On Dec. 20, 2016, Pepe and LeAnn Valle took a breath and hoped people would come. It the was the soft opening of their entrepreneurial venture — Pepe’s Grill — and they were nervous.
“We’d been told that the hardest part of opening a restaurant is getting people to come in the door for the first time,” LeAnn says. “We were nervous we wouldn’t have many people come in. That turned out to be the one problem we didn’t have.”
Four hours after opening its doors, Pepe’s Grill ran out of food.
“We thought we had enough food for a few days,” LeAnn says.
Pepe and LeAnn met in June 1997 playing volleyball at the Raintree Apartments in Provo. Pepe had moved to the United States from Mexico after his church mission to study English and attend college. He used his then-limited English to challenge LeAnn and a friend to a volleyball game against him and his friend.
The two began dating, mainly communicating in a mix of Spanish and Portuguese (LeAnn served a mission in Brazil) and quickly fell in love.
Pepe passed the Test of English as a Foreign Language (TOEFL) after about a year and began his college studies, eventually graduating with a degree in information technology.
“I love working with computers, but quickly learned that sitting in an office by myself wasn’t for me,” he says. “I lacked passion for the work. I needed to do something else — something that involved people.”
He qualified for his real estate license and utilized a strong market to buy a large home above the Provo Temple.
Then 2008 hit and the market crashed.
“We moved from our big house in Provo to a small rental house in Spanish Fork,” Pepe says.
However, the rental house was on Main Street and LeAnn and the couple’s five children quickly began taking advantage of the location.
“We would have a ‘yard sale’ of tacos every Saturday,” LeAnn says.
The Valles used the money to pay for lessons, teams and other extracurricular activities for the family. If things went well, they planned to have enough taco money to take a family vacation.
In 2011, Pepe’s Grill made its Fiesta Days debut when the family applied for a spot in City Park. The results were tasty. People responded well to the family’s take on traditional Mexican street tacos blended with an American feel.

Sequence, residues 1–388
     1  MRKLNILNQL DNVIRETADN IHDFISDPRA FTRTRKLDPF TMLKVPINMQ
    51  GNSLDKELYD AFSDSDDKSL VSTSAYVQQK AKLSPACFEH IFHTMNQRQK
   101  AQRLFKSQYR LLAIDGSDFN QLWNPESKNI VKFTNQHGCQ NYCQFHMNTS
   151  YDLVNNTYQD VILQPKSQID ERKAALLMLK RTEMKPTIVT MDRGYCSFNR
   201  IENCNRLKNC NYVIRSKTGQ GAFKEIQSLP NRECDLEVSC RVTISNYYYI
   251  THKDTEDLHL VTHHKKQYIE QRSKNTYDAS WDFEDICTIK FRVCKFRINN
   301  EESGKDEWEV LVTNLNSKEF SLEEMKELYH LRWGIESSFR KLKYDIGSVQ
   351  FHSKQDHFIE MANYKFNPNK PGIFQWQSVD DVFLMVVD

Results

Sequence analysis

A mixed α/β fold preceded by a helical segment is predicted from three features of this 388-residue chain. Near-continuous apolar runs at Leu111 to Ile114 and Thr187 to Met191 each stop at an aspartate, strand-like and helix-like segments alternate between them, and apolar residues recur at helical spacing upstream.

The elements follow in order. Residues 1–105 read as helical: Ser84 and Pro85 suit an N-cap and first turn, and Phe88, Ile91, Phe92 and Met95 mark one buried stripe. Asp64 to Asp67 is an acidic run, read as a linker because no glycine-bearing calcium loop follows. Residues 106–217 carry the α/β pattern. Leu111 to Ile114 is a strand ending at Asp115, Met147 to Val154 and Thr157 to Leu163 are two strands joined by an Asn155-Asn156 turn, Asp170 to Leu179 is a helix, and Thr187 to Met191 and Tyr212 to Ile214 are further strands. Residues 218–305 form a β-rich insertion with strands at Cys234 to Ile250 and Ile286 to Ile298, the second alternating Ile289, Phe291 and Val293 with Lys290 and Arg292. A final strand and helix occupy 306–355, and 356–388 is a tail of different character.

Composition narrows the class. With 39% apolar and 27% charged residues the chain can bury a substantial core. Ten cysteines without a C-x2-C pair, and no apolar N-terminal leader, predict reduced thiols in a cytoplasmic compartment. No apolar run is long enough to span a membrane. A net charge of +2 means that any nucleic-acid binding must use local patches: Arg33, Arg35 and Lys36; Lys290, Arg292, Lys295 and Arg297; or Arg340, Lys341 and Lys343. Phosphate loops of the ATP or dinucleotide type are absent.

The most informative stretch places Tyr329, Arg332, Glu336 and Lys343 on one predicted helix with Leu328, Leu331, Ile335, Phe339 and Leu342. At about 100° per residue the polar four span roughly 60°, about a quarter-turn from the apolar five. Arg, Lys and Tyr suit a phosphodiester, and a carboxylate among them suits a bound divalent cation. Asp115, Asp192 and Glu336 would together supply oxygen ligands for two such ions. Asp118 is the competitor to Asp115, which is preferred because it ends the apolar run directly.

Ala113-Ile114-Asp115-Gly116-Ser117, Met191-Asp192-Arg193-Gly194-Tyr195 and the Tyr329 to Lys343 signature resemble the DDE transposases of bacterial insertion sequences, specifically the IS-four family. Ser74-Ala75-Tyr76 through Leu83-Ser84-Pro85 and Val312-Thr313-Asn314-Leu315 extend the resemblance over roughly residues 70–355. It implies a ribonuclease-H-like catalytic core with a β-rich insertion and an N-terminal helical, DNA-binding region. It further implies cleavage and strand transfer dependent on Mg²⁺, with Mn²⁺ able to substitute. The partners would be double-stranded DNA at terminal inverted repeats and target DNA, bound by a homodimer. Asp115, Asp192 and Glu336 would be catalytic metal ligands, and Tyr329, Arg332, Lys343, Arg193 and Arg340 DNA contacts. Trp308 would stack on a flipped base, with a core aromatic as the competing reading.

“We loved that it gave our kids the chance to work and earn some of their own money,” LeAnn says. “They appreciated the vacation more because they’d worked hard for it.”
Pepe’s Grill continued to appear at Fiesta Days for six more years, quickly building a following.
“People would ask us where we were located,” Pepe says. “We would tell them we were only open at Fiesta Days once a year for a week.”
In the meantime, Pepe was giving his best sales pitch to LeAnn.
“I have an entrepreneurial spirit,” Pepe says. “It was tough to present ideas to LeAnn because she likes job security. It took us about 18 years of marriage to find something we could do together.”
In 2016, things began to line up for Pepe’s Grill to become a reality. An ideal location became available on North Main Street in Spanish Fork. They felt that it was now or never.
“We talked to the kids about it,” LeAnn says. “We wanted them on board. We all decided together to do it.”
From the soft opening, Pepe’s Grill has been a success and is quickly become a “must try” for visitors to Spanish Fork. While the street tacos remain the heart of the restaurant, the menu is always expanding and the nachos are making a push for most-popular item.
“Life is still hectic,” Pepe says. “All of the kids play sports. Working at the restaurant and managing everything is tough, but I think we’re liking it. It hasn’t provided more freedom yet. Slowly but surely, we have found where we each fit and what we do best for the restaurant.”
While they share responsibility for all aspects of the business, LeAnn has a special gift for operations and procedures. She works with staff members to create recipe consistency and attention to service. In addition to lending his name to the sign in the front, Pepe oversees finances and specializes in shaking hands and building relationships.
“The kids joke that Pepe knows everyone,” LeAnn says. “His relationships with people is one reason people gave us a chance when we first opened. Now, hopefully the food and service will keep them coming.”
And the recipes?
“I am from Mexico and I wanted to serve food from Mexico,” Pepe says. “I want to say the recipes are from my mom, but that’s a lie. The recipes are a mix from my home growing up and from LeAnn. The menu is designed to appeal to our audience.”
The Valles’ relationship has blended while working together, too.
“There’s no doubt that working with your spouse can be difficult, but it can work,” LeAnn says.
The Valles find open communication is key. Also, their children taught them that there needs to be time for the family at home without discussions of tortillas and fajita chicken.
“We leave restaurant planning and discussions for the morning after the kids go to school,” LeAnn says. “Obviously, things come up, but we find our family needs time away from the business.”
Having all branches of the family tree involved has brought the family closer together and along for the ride.
“This is a family adventure,” Pepe says. “We’re closer to each other. Our relationships are stronger. Everyone knows where everyone stands.”
Pepe’s Grill opened a second location in the food court at University Place in Orem, and the Valles are excited about where the adventure goes from here.
“I’ve served as a bishop twice and have seen lots of people who need jobs,” Pepe says. “I see people from Mexico come here and need something. We want to help others while they help us.”
LeAnn and Pepe would love to add locations while maintaining quality food, service and value.
“Everyone has a story — things that weigh them down — and sometimes people just need a taco to help them that day,” LeAnn says. “We’re happy to give them a good meal with a smile.”